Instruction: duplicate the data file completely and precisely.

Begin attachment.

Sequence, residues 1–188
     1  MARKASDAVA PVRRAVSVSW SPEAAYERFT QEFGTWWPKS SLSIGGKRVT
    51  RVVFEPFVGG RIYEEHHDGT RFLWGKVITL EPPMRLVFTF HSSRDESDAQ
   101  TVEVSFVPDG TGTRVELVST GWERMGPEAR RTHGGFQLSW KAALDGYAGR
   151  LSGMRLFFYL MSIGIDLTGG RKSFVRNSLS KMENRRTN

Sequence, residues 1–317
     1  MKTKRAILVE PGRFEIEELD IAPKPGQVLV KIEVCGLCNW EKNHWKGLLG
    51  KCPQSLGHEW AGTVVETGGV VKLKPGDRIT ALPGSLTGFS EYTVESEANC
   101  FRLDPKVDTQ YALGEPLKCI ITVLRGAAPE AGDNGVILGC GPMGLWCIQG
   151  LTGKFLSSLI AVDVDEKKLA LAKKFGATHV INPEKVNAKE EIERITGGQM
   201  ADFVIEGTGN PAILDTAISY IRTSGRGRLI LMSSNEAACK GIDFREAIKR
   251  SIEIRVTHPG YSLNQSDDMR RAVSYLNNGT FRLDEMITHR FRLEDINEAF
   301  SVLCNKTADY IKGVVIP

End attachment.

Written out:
Sequence, residues 1–188
     1  MARKASDAVA PVRRAVSVSW SPEAAYERFT QEFGTWWPKS SLSIGGKRVT
    51  RVVFEPFVGG RIYEEHHDGT RFLWGKVITL EPPMRLVFTF HSSRDESDAQ
   101  TVEVSFVPDG TGTRVELVST GWERMGPEAR RTHGGFQLSW KAALDGYAGR
   151  LSGMRLFFYL MSIGIDLTGG RKSFVRNSLS KMENRRTN

Sequence, residues 1–317
     1  MKTKRAILVE PGRFEIEELD IAPKPGQVLV KIEVCGLCNW EKNHWKGLLG
    51  KCPQSLGHEW AGTVVETGGV VKLKPGDRIT ALPGSLTGFS EYTVESEANC
   101  FRLDPKVDTQ YALGEPLKCI ITVLRGAAPE AGDNGVILGC GPMGLWCIQG
   151  LTGKFLSSLI AVDVDEKKLA LAKKFGATHV INPEKVNAKE EIERITGGQM
   201  ADFVIEGTGN PAILDTAISY IRTSGRGRLI LMSSNEAACK GIDFREAIKR
   251  SIEIRVTHPG YSLNQSDDMR RAVSYLNNGT FRLDEMITHR FRLEDINEAF
   301  SVLCNKTADY IKGVVIP